Magazine article The Exceptional Parent

Getting the Right Wheelchair for Travel: A WC19-Compliant Wheelchair: This Is EP's Second Installment in a Six Part Series on Wheelchair Transportation Safety (WTS), Produced in Partnership with the University of Michigan Transportation Research Institute. Look for More Informative Articles on WTS Appearing throughout 2007

Magazine article The Exceptional Parent

Getting the Right Wheelchair for Travel: A WC19-Compliant Wheelchair: This Is EP's Second Installment in a Six Part Series on Wheelchair Transportation Safety (WTS), Produced in Partnership with the University of Michigan Transportation Research Institute. Look for More Informative Articles on WTS Appearing throughout 2007

Article excerpt

What is WC19 and why does it matter?

In the United States, motor vehicle crashes are the leading cause of death for children ages 3-18. Conventional occupant seatbelt systems, including child safety seats for younger children and vehicle seatbelts for older children, do much to reduce the risk of serious injury in the event of a collision event. However, children who must remain seated in their wheelchairs while traveling are often at a disadvantage in terms of crash safety.

The new voluntary wheelchair industry standard WC19 (short for Section 19 of the ANSI/RESNA * wheelchair standards) works to close the safety gap by providing design and performance criteria and test methods to assess whether a wheelchair can perform as a seat during a vehicle crash and work well with safety belt systems. The standard was developed by rehabilitation experts and safety engineers and is based on the same principles used to evaluate occupant protection and crashworthiness of vehicle seats and child safety seats. If you know someone who cannot transfer into a vehicle, a WC19-compliant wheelchair can help keep them safer on the road.

What are the advantages to a WC19 wheelchair?

The numbers of WC19-compliant wheelchairs are growing and include many product categories. There are WC19 wheelchairs for children and adults in both manual and power models. All offer some common benefits and features, which are listed below.

1. Reduced risk of injury for wheelchair riders involved in vehicle crashes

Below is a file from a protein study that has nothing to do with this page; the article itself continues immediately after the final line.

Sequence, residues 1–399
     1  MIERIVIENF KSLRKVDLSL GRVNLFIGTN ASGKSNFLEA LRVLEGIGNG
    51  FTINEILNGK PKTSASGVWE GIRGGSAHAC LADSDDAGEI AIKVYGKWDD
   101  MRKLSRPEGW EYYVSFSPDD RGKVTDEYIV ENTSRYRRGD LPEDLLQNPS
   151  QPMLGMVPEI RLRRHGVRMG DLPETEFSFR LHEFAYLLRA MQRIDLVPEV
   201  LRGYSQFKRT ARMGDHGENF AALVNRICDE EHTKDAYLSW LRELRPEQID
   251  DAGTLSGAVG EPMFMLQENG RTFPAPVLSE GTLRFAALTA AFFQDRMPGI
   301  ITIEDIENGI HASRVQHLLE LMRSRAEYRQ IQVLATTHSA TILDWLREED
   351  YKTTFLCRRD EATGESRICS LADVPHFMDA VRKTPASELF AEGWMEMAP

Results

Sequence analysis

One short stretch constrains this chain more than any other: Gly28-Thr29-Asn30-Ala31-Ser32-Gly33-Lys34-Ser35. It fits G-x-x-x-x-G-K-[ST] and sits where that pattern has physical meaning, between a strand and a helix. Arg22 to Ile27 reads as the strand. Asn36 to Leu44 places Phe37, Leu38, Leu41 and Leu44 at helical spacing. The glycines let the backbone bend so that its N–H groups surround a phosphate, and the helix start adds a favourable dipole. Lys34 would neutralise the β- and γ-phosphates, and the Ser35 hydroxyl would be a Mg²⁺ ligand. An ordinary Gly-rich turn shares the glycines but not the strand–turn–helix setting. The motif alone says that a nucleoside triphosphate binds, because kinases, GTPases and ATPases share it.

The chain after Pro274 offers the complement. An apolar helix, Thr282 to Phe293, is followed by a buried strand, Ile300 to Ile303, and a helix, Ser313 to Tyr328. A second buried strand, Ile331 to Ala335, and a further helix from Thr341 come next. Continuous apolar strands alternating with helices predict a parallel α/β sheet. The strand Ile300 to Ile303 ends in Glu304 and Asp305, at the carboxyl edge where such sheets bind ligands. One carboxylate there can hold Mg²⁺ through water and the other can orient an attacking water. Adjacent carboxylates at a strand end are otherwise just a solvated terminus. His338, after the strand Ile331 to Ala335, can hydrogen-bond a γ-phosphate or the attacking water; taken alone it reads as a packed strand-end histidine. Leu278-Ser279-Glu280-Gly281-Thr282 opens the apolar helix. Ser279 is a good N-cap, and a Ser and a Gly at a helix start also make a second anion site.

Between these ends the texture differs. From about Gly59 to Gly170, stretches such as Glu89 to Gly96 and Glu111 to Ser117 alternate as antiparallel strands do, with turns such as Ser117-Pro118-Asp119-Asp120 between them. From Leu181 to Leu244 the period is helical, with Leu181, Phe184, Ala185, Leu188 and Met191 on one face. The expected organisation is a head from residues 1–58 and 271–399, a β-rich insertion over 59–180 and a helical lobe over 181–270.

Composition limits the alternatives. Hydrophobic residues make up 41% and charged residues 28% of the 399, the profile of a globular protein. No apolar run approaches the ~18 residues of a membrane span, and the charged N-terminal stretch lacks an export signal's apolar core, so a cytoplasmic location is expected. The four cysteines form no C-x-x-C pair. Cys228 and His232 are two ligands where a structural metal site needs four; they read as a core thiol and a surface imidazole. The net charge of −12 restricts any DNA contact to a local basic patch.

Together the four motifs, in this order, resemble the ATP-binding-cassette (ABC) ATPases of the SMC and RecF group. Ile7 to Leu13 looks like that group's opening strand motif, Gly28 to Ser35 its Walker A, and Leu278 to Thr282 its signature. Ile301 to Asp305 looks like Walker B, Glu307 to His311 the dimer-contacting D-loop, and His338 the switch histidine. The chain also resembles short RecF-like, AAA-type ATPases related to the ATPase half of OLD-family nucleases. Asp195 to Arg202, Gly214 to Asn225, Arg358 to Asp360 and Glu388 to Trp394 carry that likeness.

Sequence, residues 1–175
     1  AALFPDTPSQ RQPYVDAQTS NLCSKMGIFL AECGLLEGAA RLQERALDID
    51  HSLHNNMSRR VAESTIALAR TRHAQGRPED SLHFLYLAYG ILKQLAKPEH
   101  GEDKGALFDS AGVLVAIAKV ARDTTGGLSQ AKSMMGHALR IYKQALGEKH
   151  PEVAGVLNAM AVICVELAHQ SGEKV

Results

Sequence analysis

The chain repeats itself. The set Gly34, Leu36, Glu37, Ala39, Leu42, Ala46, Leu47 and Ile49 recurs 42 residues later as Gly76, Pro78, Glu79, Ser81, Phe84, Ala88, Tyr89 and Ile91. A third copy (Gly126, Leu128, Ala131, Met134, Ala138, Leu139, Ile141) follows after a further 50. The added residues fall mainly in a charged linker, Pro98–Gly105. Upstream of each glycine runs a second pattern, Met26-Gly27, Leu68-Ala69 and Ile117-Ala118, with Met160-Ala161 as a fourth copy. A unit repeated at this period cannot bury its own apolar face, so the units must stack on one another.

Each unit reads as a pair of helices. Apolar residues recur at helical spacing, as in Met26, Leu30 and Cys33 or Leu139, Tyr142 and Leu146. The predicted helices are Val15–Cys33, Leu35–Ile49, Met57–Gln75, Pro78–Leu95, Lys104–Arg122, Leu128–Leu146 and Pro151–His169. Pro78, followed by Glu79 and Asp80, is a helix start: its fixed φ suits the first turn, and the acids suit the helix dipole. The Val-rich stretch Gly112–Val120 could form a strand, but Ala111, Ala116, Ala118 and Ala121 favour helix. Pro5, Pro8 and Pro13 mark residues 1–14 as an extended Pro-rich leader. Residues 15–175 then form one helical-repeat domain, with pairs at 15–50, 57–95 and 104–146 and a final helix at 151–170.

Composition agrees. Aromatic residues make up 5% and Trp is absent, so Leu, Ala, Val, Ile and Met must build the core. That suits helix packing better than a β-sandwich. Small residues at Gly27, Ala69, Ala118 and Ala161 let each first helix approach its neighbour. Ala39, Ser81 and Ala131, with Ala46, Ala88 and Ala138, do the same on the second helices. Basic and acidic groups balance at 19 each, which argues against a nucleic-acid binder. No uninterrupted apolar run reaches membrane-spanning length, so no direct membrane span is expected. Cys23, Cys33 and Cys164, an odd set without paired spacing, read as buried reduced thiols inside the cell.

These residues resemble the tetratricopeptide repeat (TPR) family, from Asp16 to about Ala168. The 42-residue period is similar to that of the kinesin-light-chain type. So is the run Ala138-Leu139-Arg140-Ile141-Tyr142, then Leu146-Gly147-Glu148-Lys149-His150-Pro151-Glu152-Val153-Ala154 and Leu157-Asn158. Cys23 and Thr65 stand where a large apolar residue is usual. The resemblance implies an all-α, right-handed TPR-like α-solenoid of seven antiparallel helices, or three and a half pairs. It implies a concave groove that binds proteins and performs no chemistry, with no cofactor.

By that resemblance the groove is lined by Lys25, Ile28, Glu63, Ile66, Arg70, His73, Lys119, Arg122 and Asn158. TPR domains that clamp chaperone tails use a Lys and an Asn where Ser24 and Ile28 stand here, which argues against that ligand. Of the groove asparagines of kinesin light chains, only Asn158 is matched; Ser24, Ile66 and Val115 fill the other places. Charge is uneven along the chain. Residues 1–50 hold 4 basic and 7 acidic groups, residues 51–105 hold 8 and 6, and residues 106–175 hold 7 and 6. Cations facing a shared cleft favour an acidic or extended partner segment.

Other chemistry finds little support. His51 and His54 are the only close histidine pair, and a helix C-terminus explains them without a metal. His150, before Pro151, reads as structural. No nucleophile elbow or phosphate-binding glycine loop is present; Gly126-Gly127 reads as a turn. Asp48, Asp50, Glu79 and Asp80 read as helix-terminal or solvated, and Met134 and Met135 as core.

A WC19-compliant wheelchair is strong enough to provide effective support for the wheelchair rider in a wide range of crashes and emergency vehicle maneuvers. When the wheelchair can withstand crash loads, properly positioned seatbelts stay in place and apply any needed restraining force to the strongest areas of the body--the pelvis, shoulders, and chest. To comply with WC19, a wheelchair must perform well in a frontal crash test similar to the federal tests used to make sure vehicle seats, seatbelts, and child safety seats are crashworthy. The crash test simulates a frontal impact that is more severe than approximately 97 percent of frontal crashes. The frontal crash condition is the highest priority because it is the most common and deadly type of crash seen in the real world. In laboratory crash tests, a WC19 wheelchair must not fail, must provide a supportive seat for the crash dummy, and must remain well secured to the simulated vehicle platform.

2. Easier and faster wheelchair securement

Using a WC19 wheelchair makes it faster and easier to secure the wheelchair in a vehicle because the wheelchair has four, clearly marked and easy-to-reach securement points where tiedown hooks and straps are attached. To comply with the standard, these points must be marked by a hook symbol and be accessible for one-handed attachment of tiedown hooks in less than 10 seconds for each strap. To simulate the limited space conditions on a bus, these tests are conducted with the wheelchair in a walled space where the person securing the system can only access one side of the wheelchair. The standard prohibits wheelchair frames that require difficult routing of tiedown straps through the frame or that have sharp edges that could cut the strap during crash loading or degrade the tiedowns over time.

3. Improved compatibility with proper use of seatbelts

As of May 2002, WC19-compliant wheelchairs must also provide the option of a wheelchair-mounted, crashworthy lap belt. Although many wheelchairs come with a belt meant for postural support, these are not designed to withstand impact loads or protect the rider during a crash. …

Search by... Author
Show... All Results Primary Sources Peer-reviewed

Oops!

An unknown error has occurred. Please click the button below to reload the page. If the problem persists, please try again in a little while.